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QUIZ GULL #9 (with answer below)
The correct answer is L. heuglini heuglini/taimyrensis, "Taimyr Gull", the eastern form of Heuglin's Gull, often considered part of the Asian Herring/Lesser Black-backed Gull complex. More technically correct, Hong Kong birders have pointed out that the quiz bird is actually a taimyrensis x birulai (vega) intergrade, which regularly occur among wintering gull flocks in Choshi, Japan. This is a tough one, so we'll give full credit for either answer!
We see first and foremost that we have an adult gull this time. The yellow bill with red gonydeal spot and no black mark is enough to rule out Mew, Common, Kamchatka, Black-tailed, Ring-billed, Armenian, and Steppe (barabensis) (California very rarely lacks black in the bill). The shape of the bill is rather straight, lacking much of a gonydeal bulge, casting doubt that this bird could be a Western or Yellow-footed. Also, those species nearly always show a white skirt formed by the exposed secondary tips, which this bird does not show. The black in the primaries eliminate Iceland, Glaucous, and Glaucous-winged.
The mantle color is fairly dark (though the photo seems a tad underexposed). Nevertheless, we can rule out all the paler-mantled gulls: Herring (argenteus, smithsonianus, and argentatus), Thayer's, Caspian (cachinanns and ponticus), and even Yellow-legged (michahellis) and California. We can also rule out the very dark-mantled gulls: Lesser Black-backed (intermedius only), Baltic (that, is L. fuscus), Great Black-backed, and Kelp. That leaves us with Mongolian (mongolicus), Vega, Yellow-legged (atlantis), Heuglin's (antelius and heuglini/taimyrensis), Lesser Black-backed (graellsii), and Slaty-backed. The bird still seems a little dark for the first three and a bit light for Slaty-backed and graellsii, but we'll keep them in.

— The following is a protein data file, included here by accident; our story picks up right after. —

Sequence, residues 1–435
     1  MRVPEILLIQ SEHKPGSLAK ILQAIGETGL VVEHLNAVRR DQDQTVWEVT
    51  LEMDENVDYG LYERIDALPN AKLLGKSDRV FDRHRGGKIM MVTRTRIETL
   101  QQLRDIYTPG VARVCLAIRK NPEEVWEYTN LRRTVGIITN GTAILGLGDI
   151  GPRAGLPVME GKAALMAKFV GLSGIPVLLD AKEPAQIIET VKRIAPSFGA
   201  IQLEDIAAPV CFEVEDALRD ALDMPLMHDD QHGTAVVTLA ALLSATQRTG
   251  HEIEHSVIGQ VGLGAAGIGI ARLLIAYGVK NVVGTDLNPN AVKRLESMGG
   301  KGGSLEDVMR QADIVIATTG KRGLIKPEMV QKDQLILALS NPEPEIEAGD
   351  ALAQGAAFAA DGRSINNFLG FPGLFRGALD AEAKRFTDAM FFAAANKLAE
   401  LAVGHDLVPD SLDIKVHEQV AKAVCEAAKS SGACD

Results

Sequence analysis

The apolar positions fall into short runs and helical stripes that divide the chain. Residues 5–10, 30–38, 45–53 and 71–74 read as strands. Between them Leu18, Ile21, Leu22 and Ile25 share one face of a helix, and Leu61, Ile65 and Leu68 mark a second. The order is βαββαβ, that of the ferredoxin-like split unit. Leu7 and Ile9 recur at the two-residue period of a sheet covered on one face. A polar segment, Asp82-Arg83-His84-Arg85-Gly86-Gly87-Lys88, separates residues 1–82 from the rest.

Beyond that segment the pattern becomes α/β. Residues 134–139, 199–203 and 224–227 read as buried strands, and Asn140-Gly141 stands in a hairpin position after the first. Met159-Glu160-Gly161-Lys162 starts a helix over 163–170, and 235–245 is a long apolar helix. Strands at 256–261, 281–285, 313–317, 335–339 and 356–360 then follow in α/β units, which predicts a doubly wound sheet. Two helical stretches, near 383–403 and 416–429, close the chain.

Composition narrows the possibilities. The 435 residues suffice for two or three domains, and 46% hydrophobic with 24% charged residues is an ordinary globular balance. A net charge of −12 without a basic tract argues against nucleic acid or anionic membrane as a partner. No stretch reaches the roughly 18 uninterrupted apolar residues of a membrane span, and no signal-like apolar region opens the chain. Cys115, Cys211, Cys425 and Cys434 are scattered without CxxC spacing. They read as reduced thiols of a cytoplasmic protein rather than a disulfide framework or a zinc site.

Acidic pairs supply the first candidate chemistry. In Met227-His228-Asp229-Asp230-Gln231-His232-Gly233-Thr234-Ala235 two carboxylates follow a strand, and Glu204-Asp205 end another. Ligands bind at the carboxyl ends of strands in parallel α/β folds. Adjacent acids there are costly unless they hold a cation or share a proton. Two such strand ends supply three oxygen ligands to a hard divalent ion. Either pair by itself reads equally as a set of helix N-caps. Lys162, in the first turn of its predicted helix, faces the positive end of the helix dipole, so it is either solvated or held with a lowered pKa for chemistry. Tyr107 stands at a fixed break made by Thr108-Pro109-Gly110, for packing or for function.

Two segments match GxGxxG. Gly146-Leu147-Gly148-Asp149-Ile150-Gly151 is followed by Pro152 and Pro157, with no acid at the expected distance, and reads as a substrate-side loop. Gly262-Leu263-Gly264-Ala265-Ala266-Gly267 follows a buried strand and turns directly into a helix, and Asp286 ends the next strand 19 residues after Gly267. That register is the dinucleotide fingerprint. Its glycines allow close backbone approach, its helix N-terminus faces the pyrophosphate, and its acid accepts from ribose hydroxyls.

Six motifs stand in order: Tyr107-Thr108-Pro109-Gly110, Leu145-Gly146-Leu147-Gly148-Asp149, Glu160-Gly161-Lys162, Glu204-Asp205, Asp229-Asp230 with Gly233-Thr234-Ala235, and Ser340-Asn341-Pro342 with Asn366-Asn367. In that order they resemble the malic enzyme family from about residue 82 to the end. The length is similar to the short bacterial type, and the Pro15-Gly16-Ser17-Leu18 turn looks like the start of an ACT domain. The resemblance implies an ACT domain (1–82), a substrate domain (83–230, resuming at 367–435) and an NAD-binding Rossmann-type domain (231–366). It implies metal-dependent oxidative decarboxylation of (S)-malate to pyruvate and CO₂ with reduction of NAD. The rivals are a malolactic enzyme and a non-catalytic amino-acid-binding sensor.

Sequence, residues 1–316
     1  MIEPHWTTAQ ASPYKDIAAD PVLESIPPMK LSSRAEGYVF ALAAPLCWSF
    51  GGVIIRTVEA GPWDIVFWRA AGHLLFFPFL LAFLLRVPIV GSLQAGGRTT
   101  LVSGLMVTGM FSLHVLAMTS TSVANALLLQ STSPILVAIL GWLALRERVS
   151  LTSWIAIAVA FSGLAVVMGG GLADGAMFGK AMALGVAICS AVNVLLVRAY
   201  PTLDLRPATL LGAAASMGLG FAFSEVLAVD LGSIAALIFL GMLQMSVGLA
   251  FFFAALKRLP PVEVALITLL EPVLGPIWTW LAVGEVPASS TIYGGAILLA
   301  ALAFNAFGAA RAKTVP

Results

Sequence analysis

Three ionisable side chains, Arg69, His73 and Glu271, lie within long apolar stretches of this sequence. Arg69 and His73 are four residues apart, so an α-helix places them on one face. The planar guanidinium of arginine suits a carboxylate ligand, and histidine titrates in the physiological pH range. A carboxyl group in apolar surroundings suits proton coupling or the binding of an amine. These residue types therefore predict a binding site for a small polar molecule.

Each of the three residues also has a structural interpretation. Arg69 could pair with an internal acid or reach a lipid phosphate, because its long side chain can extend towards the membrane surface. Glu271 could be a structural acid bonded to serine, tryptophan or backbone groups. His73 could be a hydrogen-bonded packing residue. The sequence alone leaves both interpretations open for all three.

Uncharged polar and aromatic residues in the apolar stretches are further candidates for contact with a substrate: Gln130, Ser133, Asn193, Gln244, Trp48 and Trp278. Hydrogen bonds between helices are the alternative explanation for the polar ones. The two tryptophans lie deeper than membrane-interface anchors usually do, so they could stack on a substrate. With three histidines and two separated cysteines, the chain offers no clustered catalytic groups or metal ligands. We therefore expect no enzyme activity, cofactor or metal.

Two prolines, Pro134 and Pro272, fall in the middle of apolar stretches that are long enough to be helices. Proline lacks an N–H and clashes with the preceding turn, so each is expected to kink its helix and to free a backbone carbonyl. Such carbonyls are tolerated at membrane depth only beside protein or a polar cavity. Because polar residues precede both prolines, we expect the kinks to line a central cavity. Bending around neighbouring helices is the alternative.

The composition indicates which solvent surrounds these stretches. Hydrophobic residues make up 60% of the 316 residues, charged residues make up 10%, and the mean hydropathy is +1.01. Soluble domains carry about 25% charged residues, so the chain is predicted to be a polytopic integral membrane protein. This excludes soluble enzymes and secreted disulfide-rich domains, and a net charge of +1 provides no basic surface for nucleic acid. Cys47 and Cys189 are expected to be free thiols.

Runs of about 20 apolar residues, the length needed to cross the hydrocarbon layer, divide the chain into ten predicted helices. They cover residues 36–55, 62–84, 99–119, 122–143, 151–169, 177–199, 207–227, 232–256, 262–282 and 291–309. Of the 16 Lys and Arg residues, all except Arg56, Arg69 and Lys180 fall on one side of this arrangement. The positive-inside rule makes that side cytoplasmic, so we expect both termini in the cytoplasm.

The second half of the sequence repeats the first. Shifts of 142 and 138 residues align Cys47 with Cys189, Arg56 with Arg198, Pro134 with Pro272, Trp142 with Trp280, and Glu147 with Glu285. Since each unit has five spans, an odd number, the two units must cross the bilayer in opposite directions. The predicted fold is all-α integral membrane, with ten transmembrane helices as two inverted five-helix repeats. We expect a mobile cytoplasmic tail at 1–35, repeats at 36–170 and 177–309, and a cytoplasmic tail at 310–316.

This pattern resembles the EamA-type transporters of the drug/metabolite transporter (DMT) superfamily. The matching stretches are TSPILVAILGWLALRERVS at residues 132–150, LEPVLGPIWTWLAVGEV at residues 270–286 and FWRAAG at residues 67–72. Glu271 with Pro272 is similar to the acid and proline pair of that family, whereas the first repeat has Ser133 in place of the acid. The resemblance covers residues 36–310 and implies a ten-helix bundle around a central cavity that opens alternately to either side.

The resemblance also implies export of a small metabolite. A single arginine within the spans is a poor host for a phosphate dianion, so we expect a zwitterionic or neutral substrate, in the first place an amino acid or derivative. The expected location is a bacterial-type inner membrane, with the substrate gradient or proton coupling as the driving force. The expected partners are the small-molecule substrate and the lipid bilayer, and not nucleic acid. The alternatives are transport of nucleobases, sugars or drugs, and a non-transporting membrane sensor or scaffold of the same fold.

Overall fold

Now we have to focus on whatever clues we can find. The hint states that the eye may be pale, so we can't really do anything with that. The pattern on P10, visible on the underside of the left wing, is intriguing. It shows a small to medium-sized mirror, separated from the white tip by a black band that is quite thick, about the same width as the mirror. This is said to be a trademark of Heuglin's Gull. The more usual pattern for most gulls is a large mirror on P10 separated from the tip by a thin black band, which fits all the other remaining candidates (though I wonder about graellsii; check out the heuglini-like P10 on a Texas bird at Martin Reid's site).
Finally, let's get to leg color. Orange?! Kennerley et al. (Hong Kong Bird Report 1994: 127-156, Dec. 1995) report that, for mongolicus, "Leg color in particular is extremely variable, and ranges through orange, yellow, and pink." He also notes that, for taimyrensis, "The legs are usually washed yellow and are not particularly bright but can occaisionally be bright orange-yellow." To my knowledge, these are the only large gull forms for which orange is reported as a regularly occurring leg color.
Now, why is this bird an intergrade with birulai and not a pure taimyrensis? The legs are not orange-yellow enough (note there is a still a distinct pink tone to the legs) and the mantle is not dark enough. Also, the dark eye (assuming it is dark) fits pure vegae better than pure taimyrensis. One final note: the mirror on the underside of P10 is small enough that it suggests a 4th year bird.
This bird was photographed in March, 1999, in Japan by Wataru Kojima, copyright 1999. He reports that this bird was "typical" of the "taimyrensis" occurring in Japan, though it is not typical of the more pure taimyrensis that winter in Hong Kong.
This was clearly the toughest one so far, and the answers were all over the map. Pretty interesting given it's a profile of an adult gull. One person nailed the answer perfectly, stating the bird looked like "something to the east of pure taimyrensis".
|GUESS||# OF VOTES|
|Heuglin's Gull||5 (1 guessing hybrid) (20% correct)|
|Yellow-legged Gull (michahellis or atlantis)||6|
|Lesser Black-backed Gull||4|
|Caspian Gull (cachinaans)||1|
|Herring x Yellow-legged Gull||1|
|Steppe Gull (barabensis)||1|